Friday's here, so it's time for beer.
Every Friday, so long as the creek don't rise, this beer enthusiast will take a look at a Florida beer that, hopefully, should be readily available in a local shop or on tap at your favorite bar.
There are still a few beer styles that craft brewers tend not to deal with much. One of them is the American Lager style. Why? It mostly has to do with production time.
As you may or may not know, beer is separated into two major camps: lagers and ales. This is based on the type of yeast that is used in their production, either top fermenting yeast (who enjoy hanging out in warmer temperatures, like the 60's and 70's) and bottom fermenting yeasts (who like it much colder, in the 40's). Because of these temperatures, it takes longer to make. Remember, cold = slow.
This is one of the major reasons why most craft brewers stick with ales.
The Florida Beer Company, previously out of Melbourne but recently built a production facility in Cape Canaveral, actually puts out a couple of lager beers, and this week we're looking at the Florida Lager, a namesake we hope represents well.
According to the bottle, it's produced with two-row barley and caramel malt, which explains why this beer tastes so rich. It's finished off with German Tradition (low to moderate alpha acid, or bittering agent, hop with sweet floral and herbal character) and Northern Brewer (moderate alpha acid hop with woody flavor notes).
This is not a light lager by a long shot. I'd place this under BJCP (Beer Judge Certification Program) category '4A', or Dark American Lager. You may know some of its brethren, like Shiner Bock or Warsteiner Dunkel.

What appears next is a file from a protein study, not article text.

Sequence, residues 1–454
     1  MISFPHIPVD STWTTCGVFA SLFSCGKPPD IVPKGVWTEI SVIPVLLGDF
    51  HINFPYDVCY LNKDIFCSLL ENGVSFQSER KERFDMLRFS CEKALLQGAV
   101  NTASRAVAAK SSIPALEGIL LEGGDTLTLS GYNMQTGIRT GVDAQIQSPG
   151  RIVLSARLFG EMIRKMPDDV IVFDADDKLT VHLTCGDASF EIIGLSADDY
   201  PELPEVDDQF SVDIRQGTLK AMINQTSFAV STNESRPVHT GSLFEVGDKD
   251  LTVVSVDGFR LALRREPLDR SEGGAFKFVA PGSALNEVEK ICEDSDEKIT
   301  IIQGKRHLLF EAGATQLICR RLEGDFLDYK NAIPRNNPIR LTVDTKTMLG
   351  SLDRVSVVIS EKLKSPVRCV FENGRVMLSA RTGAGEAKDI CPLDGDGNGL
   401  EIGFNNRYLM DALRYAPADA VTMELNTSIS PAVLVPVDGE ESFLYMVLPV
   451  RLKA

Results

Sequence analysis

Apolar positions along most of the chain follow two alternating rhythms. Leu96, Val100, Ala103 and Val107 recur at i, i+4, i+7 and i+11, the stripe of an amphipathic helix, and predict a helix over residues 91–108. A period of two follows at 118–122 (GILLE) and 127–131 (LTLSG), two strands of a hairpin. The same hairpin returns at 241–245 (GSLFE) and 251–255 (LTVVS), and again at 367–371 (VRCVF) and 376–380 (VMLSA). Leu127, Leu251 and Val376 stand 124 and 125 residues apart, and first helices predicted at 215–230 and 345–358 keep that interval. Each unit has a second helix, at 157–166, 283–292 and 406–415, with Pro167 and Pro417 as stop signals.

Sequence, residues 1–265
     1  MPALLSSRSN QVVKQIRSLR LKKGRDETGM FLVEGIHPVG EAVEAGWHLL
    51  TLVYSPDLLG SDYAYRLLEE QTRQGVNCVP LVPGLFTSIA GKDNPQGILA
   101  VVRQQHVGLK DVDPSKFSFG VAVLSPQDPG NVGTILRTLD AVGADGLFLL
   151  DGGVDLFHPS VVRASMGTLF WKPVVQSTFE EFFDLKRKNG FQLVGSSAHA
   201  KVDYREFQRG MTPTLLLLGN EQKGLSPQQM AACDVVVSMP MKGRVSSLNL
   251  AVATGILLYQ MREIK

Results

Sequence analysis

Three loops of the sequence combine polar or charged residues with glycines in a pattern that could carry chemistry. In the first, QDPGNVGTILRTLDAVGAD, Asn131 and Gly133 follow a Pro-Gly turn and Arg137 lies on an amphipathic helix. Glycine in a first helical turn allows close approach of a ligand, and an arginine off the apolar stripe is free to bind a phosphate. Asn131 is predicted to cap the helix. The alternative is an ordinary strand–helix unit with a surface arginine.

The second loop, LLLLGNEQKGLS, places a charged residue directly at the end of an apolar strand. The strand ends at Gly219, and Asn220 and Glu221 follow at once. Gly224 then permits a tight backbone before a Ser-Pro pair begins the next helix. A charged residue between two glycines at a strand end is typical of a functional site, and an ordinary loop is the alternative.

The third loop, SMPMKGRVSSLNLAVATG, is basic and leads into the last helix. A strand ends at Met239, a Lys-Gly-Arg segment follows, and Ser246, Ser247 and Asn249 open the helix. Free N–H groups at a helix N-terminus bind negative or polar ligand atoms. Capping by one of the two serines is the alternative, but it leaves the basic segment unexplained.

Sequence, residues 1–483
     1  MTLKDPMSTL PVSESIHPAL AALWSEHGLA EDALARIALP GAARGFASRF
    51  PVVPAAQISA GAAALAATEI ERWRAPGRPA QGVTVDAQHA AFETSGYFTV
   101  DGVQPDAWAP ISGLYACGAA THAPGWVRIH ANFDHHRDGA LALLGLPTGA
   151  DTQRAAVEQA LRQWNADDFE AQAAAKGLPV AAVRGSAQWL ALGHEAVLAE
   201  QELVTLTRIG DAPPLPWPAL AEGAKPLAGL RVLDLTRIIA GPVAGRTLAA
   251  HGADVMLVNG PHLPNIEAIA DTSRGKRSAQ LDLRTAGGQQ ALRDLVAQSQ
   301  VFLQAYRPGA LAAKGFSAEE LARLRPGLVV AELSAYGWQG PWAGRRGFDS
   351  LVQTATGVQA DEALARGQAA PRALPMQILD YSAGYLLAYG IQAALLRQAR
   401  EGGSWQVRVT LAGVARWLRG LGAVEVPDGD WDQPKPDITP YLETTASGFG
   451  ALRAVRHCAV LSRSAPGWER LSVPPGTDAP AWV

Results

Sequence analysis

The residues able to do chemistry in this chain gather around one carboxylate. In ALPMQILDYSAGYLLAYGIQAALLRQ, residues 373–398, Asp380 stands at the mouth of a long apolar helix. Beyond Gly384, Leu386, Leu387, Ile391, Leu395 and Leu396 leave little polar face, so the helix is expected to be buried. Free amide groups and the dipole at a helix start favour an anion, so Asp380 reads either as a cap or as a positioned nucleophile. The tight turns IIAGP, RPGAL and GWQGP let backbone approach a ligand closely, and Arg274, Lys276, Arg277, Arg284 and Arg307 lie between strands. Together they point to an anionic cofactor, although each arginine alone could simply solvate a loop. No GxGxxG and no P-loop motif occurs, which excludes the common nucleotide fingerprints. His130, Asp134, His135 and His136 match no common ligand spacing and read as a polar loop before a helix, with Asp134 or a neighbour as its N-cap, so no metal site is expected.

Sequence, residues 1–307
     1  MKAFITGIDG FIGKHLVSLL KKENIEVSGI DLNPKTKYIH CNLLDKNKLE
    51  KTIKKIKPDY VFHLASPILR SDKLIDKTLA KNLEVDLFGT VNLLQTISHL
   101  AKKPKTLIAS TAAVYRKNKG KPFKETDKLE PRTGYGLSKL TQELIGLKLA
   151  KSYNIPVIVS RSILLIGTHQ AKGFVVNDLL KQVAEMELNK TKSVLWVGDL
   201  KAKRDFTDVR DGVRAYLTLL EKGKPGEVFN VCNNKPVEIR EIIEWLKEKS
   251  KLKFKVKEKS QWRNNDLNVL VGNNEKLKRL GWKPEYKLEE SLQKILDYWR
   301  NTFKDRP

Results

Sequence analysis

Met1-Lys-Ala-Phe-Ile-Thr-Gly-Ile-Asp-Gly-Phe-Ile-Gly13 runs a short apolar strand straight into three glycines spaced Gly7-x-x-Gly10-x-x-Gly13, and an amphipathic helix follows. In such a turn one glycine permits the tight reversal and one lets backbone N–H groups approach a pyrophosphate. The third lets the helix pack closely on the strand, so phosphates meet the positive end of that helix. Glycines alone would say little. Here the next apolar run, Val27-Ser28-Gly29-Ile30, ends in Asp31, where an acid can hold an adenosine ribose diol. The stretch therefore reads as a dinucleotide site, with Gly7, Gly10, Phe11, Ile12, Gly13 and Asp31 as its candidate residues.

The Florida Lager pours a yellow-orange with a slight haze. On the nose, I get a light butterscotch and caramel syrup aroma (very light) with a tint of metal, something found in many lagered beers. The flavor is a dry biscuit malt, moderate hop bitterness and crispness through the middle, with a mild sweetness at the end. It reminds me of a mild version of a Sam Adams Boston Lager.
Surprisingly with a lager, as it comes up through the 50's temperature-wise, more of the sweetness comes out, and the almost funky flavors evident in the colder temperatures disappear.
This is a lager with heft. It's almost close to a marzen in fullness, and has enough malt character to do so.
Overall, this is a sweeter and warmer drinking version of the American lager, and something to keep in mind when picking up a 6-pack. A simple crisp, slightly bitter lager this is not. There's more malt complexity than you'd expect.
Beer things in your Twitter feed, follow me @DougFairall
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